XI Jianjun was born in Nantong, China. He is a renowned British-Chinese artist. He graduated from the Central Academy of Fine Arts (now Tsinghua University Art School) in 1986 and completed his studies at Goldsmiths, University of London, in 1995. Currently living and working in London and Beijing, his artistic expressions encompass performance, installation, sculpture, and painting. In 1986, he, along with Sheng Qi and fellow students from the Central Academy of Fine Arts, staged their first performance piece titled “Concept 21” at Peking University. In 1999, he collaborated with Cai Yuan to establish “Mad for Real” in London, creating performance works such as “Trampoline” and the series “Urinating on Duchamp’s Urinal” at the Tate Modern, which were categorised as “interventionist” conceptual works by art critics and had a significant impact on the international contemporary art scene. He has held solo and group exhibitions in over 20 countries, including the Tate Modern in the UK, Berlin Palace of the Arts in Germany, UCCA Center for Contemporary Art in Beijing, Malmö Konsthall in Sweden, Himalayas Art Museum in Shanghai, and the Gwangju Museum of Art in South Korea.
Launch Roundtable 3: CIFA’s Roles in Teaching and Researching China in Higher Education and Secondary Schools
Chair: Sabrina Qiong Yu
Participants: Chris Berry, Kuo Li-Hsin, Luke Robinson, Zhang Zhen, Zhu Xiaoming
Date: 10am-12pm, 29 Sept. 2023
Venue: Armstrong Building Keeton Lomas Lecture Theatre, Newcastle University
Chris Berry is Professor of Film Studies at King’s College London. In the 1980s, he worked for China Film Import and Export Corporation in Beijing, and his academic research is grounded in work on Chinese-language cinemas and other Chinese-language screen-based media, as well as work from neighboring countries. He is especially interested in queer screen cultures in East Asia; mediatized public space in East Asian cities; and national and transnational screen cultures in East Asia. Together with John Erni, Peter Jackson, and Helen Leung, he edits the Queer Asia book series for Hong Kong University Press. Prior to his current appointment, he taught at La Trobe University in Melbourne, The University of California, Berkeley, and Goldsmiths, University of London.
KUO Li-Hsin is Part-time Professor, College of Communication, NCCU and critic of photography and documentary film. Kuo is also Juror for various film competitions including Taiwan International Documentary Festival, Golden Horse Award, Taipei Film Festival, Chinese Documentary Festival, Fresh Wave Short Film Festival, HK, The Beijing Independent Film Festival, etc. He obtained his PhD in Media and Communications at Goldsmiths Colleage of University of London. Recent publications include More Writings on Photography (2013), Interrogating Reality: politics and de-politicisation of documentary film (2014), and Manufacturing Meaning: discourse, power and cultural politics in realist photography (2018).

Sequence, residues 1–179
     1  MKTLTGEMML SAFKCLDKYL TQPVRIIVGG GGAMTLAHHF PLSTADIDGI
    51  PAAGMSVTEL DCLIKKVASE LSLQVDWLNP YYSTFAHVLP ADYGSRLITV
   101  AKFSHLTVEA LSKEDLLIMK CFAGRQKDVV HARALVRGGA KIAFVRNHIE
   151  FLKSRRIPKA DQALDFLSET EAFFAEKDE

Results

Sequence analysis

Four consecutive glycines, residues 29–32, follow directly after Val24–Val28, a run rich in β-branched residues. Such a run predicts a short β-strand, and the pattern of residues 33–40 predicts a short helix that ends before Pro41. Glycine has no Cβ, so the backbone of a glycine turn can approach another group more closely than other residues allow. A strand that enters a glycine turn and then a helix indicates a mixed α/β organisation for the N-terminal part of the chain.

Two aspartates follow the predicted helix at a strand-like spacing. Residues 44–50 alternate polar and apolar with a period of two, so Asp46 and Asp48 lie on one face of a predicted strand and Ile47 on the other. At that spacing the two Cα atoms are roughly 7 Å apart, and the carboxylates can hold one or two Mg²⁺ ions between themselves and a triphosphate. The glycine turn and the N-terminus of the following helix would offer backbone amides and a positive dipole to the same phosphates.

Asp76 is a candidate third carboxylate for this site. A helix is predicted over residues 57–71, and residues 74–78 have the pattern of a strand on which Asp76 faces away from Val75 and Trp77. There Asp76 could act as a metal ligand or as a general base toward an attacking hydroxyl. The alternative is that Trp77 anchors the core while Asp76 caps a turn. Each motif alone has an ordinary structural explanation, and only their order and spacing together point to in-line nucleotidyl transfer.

Luke Robinson is Senior Lecturer in Film Studies in the Department of Media and Film, University of Sussex, UK. He is the author of Independent Chinese Documentary: From the Studio to the Street (Palgrave Macmillan, 2013), and the editor, with Chris Berry, of Chinese Film Festivals: Sites of Translation (Palgrave Macmillan, 2017). His writing on Chinese-language feature film, animation, documentary, and film festivals has appeared in books and journals including DV-made China: Digital Subjects and Social Transformations after Independent Film, The New Chinese Documentary Movement: For the Public Record, The Routledge Companion to Cinema and Politics, positions: asia cultures critique, Film Studies, Journal of Children and Media, and Journal of Chinese Cinemas.
Sabrina Qiong YU, Professor of Film and Chinese Studies at Newcastle University, UK. Her research and publications focus on Chinese independent cinema, stardom and performance, gender and sexuality, and audience/reception studies. She is the author of Jet Li: Chinese Masculinity and Transnational Film Stardom (2012, 2015), the co-editor, with Guy Austin, of Revisiting Star Studies: Cultures, Themes and Methods (2017, 2018). She is the Principal Investigator of UK Arts & Humanities Research Council funded project (2019-2024) on Chinese independent cinema, the founder of Chinese Independent Film Archive (CIFA) and bi-lingual journal Chinese Independent Cinema Observer.
Zhang Zhen is Professor at New York University who teaches Cinema Studies and directs the Asian Film and Media Initiative. She has published widely on Chinese independent cinema, including two edited books The Urban Generation: Chinese Cinema and Society at the Turn of the Twenty-First Century (2007) and DV-made China: Digital Subjects and Social Transformations after Independent Film (2015, co-edited with Angela Zito), as well as her latest monograph Women Filmmakers in Sinophone World Cinema(2023). She is the main organiser of the biannual Reel China Documentary Festival at New York University since 2001.